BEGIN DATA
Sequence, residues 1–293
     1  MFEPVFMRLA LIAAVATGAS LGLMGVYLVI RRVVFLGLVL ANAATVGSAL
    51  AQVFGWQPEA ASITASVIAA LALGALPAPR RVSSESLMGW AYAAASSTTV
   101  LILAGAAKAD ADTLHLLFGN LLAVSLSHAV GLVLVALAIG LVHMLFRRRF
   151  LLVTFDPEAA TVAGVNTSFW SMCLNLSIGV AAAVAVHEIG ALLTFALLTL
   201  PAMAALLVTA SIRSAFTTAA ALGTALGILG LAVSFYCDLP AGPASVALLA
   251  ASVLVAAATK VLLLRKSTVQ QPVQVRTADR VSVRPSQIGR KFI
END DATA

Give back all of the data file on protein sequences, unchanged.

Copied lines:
Sequence, residues 1–293
     1  MFEPVFMRLA LIAAVATGAS LGLMGVYLVI RRVVFLGLVL ANAATVGSAL
    51  AQVFGWQPEA ASITASVIAA LALGALPAPR RVSSESLMGW AYAAASSTTV
   101  LILAGAAKAD ADTLHLLFGN LLAVSLSHAV GLVLVALAIG LVHMLFRRRF
   151  LLVTFDPEAA TVAGVNTSFW SMCLNLSIGV AAAVAVHEIG ALLTFALLTL
   201  PAMAALLVTA SIRSAFTTAA ALGTALGILG LAVSFYCDLP AGPASVALLA
   251  ASVLVAAATK VLLLRKSTVQ QPVQVRTADR VSVRPSQIGR KFI